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Get the Team Onboard with In-House Robotics Expertise

Alex Owen-Hill
by Alex Owen-Hill on Feb 21, 2017 7:00:00 AM

You want to develop in-house robotics expertise. But, how do you convince the team? Here's how to get everyone onboard, from the CFO to the janitor.

When you introduce anything new to a business it affects the people on your team. Even something supposedly simple — like a new photocopier — has the potential to shake up an entire team for a little while.

Robotics has the potential to shake up your team a lot. You can bet that introducing in-house robotics expertise will be even more disruptive.

The solution is simple. Get the whole team on board as early as possible.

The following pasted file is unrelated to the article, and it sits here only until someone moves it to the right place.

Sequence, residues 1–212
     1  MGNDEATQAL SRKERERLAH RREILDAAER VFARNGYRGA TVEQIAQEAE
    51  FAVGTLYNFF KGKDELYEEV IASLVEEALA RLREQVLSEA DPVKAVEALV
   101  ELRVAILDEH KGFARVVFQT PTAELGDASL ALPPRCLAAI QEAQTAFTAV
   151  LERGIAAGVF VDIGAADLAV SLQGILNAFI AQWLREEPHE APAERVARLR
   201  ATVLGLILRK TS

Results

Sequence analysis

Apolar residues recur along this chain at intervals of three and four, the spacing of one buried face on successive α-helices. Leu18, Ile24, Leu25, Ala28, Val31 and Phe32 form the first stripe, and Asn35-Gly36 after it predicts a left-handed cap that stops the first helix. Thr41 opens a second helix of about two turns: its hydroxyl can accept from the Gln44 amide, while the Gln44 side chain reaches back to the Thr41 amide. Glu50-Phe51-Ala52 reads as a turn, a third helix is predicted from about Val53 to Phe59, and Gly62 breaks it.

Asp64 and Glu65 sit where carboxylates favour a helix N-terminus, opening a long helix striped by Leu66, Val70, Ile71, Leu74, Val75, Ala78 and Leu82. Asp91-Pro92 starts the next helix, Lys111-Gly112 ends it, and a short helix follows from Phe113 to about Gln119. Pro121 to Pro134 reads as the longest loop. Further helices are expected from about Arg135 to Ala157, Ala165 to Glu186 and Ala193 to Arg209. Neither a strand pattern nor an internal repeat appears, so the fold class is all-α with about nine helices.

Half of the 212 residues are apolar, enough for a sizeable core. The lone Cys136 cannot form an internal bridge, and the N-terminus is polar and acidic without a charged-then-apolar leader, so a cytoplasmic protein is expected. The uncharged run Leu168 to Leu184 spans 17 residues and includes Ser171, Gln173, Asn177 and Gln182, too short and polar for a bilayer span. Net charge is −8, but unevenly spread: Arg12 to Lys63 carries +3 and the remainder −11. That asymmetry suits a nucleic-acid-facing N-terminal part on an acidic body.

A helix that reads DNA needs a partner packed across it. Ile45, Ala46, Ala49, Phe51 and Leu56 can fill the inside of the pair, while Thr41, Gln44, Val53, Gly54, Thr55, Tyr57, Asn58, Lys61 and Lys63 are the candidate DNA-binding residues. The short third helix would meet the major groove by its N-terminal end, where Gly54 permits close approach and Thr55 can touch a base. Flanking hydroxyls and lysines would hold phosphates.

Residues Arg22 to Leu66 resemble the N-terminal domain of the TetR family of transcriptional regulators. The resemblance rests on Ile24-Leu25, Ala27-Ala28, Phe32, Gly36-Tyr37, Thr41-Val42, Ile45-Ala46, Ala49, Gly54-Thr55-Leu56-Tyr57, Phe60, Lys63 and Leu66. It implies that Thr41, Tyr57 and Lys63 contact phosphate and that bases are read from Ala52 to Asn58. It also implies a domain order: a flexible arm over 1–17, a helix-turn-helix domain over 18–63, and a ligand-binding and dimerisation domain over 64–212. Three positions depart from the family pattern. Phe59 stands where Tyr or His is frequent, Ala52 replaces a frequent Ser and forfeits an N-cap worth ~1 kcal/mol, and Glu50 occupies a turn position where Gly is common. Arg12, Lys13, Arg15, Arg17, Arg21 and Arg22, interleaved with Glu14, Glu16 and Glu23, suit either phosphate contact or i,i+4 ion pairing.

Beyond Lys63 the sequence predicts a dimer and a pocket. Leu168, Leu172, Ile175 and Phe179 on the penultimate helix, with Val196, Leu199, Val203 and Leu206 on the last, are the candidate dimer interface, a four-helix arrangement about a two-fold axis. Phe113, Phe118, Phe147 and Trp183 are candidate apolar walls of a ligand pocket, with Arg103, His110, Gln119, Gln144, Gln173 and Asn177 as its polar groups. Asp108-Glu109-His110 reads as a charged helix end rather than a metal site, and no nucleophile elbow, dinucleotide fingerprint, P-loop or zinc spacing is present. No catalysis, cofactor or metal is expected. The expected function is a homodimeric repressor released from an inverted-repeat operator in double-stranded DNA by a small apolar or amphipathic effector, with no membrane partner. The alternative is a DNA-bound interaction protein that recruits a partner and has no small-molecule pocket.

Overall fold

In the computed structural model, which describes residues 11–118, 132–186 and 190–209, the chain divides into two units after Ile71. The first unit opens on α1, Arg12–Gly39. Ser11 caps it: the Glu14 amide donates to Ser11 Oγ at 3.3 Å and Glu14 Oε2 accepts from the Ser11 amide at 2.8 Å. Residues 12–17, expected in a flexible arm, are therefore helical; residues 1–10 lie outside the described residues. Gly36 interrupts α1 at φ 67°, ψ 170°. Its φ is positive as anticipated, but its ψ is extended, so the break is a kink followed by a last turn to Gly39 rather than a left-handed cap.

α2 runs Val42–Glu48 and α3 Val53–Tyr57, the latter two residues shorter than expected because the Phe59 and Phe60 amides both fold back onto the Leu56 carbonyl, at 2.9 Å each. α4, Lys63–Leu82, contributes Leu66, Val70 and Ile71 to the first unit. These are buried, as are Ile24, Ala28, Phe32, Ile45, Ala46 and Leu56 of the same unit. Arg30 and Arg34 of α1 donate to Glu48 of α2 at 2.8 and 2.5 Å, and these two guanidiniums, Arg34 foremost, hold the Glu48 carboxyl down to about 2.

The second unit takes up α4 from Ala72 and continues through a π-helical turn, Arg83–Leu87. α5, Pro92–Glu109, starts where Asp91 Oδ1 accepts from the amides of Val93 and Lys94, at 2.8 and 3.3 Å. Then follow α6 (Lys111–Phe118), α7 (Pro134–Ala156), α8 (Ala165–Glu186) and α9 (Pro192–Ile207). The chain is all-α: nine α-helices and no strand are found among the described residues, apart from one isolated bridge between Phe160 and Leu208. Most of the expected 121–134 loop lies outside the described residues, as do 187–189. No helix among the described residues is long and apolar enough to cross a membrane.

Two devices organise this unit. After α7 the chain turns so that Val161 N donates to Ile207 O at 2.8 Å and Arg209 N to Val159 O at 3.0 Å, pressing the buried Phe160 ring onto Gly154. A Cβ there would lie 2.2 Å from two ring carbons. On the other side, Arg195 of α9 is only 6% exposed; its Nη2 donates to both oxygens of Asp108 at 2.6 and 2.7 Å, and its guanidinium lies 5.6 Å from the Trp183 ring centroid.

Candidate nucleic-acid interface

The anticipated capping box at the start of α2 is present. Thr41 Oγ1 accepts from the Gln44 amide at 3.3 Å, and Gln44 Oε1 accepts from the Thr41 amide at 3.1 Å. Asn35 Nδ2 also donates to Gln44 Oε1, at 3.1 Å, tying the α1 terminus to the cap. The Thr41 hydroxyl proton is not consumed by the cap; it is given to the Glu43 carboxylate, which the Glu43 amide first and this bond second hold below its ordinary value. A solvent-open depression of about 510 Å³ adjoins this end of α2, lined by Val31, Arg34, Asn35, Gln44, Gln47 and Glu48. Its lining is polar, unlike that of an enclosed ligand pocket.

But, how do you get your team on board? Which members of the team should be informed? Let's make it simple.

 

Your Stakeholders: Are They Who You Think?

We sometimes think of robotics as a purely technical field. When it comes to robotics expertise, nothing could be further from the truth. A move to in-house expertise will affect many parts of the business and various different stakeholders. If you think of it as a purely technical field, you may neglect to involve key stakeholders.

It is possible that all your key players are from the engineering team, but make sure you have seriously considered the rest of the team. For example, if a member of HR will arrange and coordinate external training courses, they could be a key player.

The stakeholders will be different in every business. Most of your stakeholders will be obvious, but a few might surprise you.

 skills-to-integrate-robot-3.png

Three Obvious Stakeholders in a Move to In-House Robotics Expertise

As robotics is an technical field, it is clear that most of the stakeholders will be technical. Examples include: